Technology

Paper: Real estate's financial termite

Author
Marc Davison
No.
183
Date
04/10/08

There was a time when the hue and cry to remove paper from the real estate transaction was deafening. In 2005 I collected and bound over four hundred articles taken from the Web over the course of eight years as proof. 

The timeline looks something like this:

2002: Transaction management tops the real estate technology charts
2004: Tablet computers hit the marketplace
2005: e-signature software applications proliferate; some integrate with online forms providers
2006: I predict that by 2008, the color green will be less about the Benjamin’s and all about conservation

2008: I might need another couple years.

Despite rising gas prices. Despite escalating expenses. Despite agents’ dire need to offer better, cleaner, faster services. Despite the insane practice of delivering paper, copying paper, folding paper, clipping and stapling paper, shredding paper, filing paper, messengering and overnighting paper and the sheer effort and waste involved in disposing of it.

Paper bores into a real estate operation with the slow destructive force of a termite colony.

But an e-signature, captured on a tablet computer, vaulted, distributed and shared online, accessible by all parties, offered — and still offers — our industry a solution to the paper mess. So do solutions like Docusign and Echosign, which are cheap, legal and easy to use.

Back in 2005, Brian and I were working on an ad campaign for the Real Estate Dashboard e-signature application. One concept featured an image of a lone sapling. The copy read:

"I’m going to grow up and become a real estate transaction."

The ad never saw the light of day. We weren’t convinced the industry would be as compelled by that message as it would be about the immediate benefits of saving time, saving money and working from anywhere, anytime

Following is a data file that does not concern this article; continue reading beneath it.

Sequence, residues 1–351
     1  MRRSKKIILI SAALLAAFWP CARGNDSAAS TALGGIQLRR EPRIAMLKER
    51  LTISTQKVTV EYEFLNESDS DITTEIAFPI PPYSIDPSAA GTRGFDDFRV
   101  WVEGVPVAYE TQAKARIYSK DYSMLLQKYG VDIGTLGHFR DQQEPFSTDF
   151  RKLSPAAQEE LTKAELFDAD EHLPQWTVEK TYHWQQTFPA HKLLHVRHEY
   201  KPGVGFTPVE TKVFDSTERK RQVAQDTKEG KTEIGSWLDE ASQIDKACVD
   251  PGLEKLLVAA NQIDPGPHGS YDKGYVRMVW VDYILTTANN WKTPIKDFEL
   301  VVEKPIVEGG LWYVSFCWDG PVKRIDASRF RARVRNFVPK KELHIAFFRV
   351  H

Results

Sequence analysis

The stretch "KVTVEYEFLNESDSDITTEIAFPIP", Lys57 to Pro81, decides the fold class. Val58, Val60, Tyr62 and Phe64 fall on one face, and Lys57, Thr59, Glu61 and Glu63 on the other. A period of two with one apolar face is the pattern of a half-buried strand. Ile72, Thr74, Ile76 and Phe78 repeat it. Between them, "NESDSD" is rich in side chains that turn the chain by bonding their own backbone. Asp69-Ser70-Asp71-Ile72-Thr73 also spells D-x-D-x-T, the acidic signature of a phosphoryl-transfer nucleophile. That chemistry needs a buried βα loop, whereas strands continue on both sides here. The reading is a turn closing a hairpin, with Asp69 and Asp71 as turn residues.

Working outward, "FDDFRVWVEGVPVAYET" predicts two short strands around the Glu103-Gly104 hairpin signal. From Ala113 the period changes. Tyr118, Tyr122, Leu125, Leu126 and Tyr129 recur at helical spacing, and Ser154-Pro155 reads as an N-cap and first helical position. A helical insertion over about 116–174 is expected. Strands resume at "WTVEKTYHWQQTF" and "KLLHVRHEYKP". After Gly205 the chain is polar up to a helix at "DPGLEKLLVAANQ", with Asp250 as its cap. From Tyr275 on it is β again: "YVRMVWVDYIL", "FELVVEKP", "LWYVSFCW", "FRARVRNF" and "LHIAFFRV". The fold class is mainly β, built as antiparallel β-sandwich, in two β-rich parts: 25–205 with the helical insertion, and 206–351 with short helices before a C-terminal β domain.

Turns out real estate wasn’t quite ready, on a mass scale, for either message. Swaths of forests have since been copied, faxed, folded, clipped, stapled, mailed and filed into the steel cabinets.

Today I received this ad from my gas company:

Green_2

It speaks for itself. And there’s that sapling about to be planted with high hopes of becoming something more than a sheet of 24-pound bond.

Paperless real estate has been replaced by Web 2.0 in the real estate technology buzz machine. But never has there been a better time than right now for associations, brokerages, and agents to reconsider the advantages of paperless real state.

It’s a good idea. And it has become commonplace. Conventional. Practical. Smart.

Real estate is searching for a way to reconnect with its customer. What better place than in a transaction free of unnecessary friction, costs, and waste?

Those who inherit the real estate industry will likely have a blog; what they won’t have is paper.

— Davison